This is where government can and must be involved, to foster development of countermeasures to natural and man-made disasters, to prevent disabling disease and potentially avert the threat of death. Developing new medicines can take decades and cost hundreds of millions of dollars. But there is no coherent funding system for medicines to meet the kinds of disaster that BARDA is compelled to prepare for.
One remedy to the challenges BARDA faces in meeting its Congressional mandate is to enable what we call the Drug Development Incentive Fund (DDIF).
In last quarter's journal of Biosecurity and Bioterrorism: Biodefense Strategy, Practice and Science, we formally proposed the formation of the DDIF as a not-for-profit corporation funded by the government to foster development of new medical technology in the national interest. The DDIF would provide seed money to get promising technologies off the ground and prove their potential.
There is precedent for an entity similar to the DDIF. In-Q-Tel, a government-funded corporation, was funded by Congress in 1999 to advance communication and information technology beneficial to national security that government agencies needed, but that were not being developed at the time by private corporations. Among many other technologies, we owe advanced encryption technologies used every day in e-commerce to early investments made by In-Q-Tel.
The ability to take ownership and leadership positions in a company would be a significant distinguishing characteristic of the DDIF that government agencies lack.
While the National Institutes of Health can invest in early-stage technologies through grants, and government authorities such as BARDA can provide financial support for more developed technologies through contracts, there is no government entity that can provide early-stage development companies with both a funding source and strategic guidance as an investor.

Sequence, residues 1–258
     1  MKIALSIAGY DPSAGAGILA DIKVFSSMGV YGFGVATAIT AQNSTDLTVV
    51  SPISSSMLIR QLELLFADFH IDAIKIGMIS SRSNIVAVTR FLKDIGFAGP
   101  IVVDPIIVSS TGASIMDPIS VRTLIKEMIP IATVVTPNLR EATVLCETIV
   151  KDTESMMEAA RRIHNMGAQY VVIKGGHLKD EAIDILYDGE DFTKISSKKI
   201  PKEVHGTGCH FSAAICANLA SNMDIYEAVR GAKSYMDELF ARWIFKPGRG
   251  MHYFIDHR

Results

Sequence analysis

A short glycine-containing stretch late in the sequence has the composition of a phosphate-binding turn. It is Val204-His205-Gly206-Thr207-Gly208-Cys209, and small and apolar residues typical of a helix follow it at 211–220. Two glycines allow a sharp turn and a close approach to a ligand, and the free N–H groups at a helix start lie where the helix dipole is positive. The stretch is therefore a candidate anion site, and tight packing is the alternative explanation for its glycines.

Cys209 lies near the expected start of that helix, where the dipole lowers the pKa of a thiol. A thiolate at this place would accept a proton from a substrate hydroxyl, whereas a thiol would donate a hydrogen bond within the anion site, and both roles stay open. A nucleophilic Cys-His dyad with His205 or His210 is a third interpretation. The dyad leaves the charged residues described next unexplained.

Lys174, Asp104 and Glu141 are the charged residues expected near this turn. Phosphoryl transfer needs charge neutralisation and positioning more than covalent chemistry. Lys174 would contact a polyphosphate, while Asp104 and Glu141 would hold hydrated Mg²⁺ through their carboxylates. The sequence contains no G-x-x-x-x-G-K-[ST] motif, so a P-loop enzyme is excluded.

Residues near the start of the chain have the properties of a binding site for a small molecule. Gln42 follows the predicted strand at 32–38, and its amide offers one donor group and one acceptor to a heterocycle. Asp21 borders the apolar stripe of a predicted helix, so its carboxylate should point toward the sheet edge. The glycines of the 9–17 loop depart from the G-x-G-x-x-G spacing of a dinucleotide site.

The DDIF would make modest investments in promising technologies with the prospect that government investment would reduce risk of success and encourage private investors to invest much more in the company.
Like other investors, the DDIF would receive stock and warrants or hold debt in the companies in which it invested. If those companies are successful, the DDIF would share in their success. In this way, with even modest success, the DDIF could become a self-sustaining, not-for-profit corporation.
Creation of the DDIF would result in significant dividends. In a single act, such an organization would provide for the advancement of strategic science of national importance, invest in projects that yield significant public health returns, advance the promises of preclinical and early phase research, revitalize biopharmaceutical investment, and create valuable innovation-economy jobs.
Though a fund like the DDIF could not prevent natural or man-made disasters from ever occurring, it could provide the U.S. with the necessary countermeasures to minimize human tragedy resulting from such disasters.
Steve Brozak is president of WBB Securities, an independent broker-dealer and investment bank specializing in biotechnology, medical devices and pharmaceutical research. Henry Bassman is a Managing Director at WBB Securities.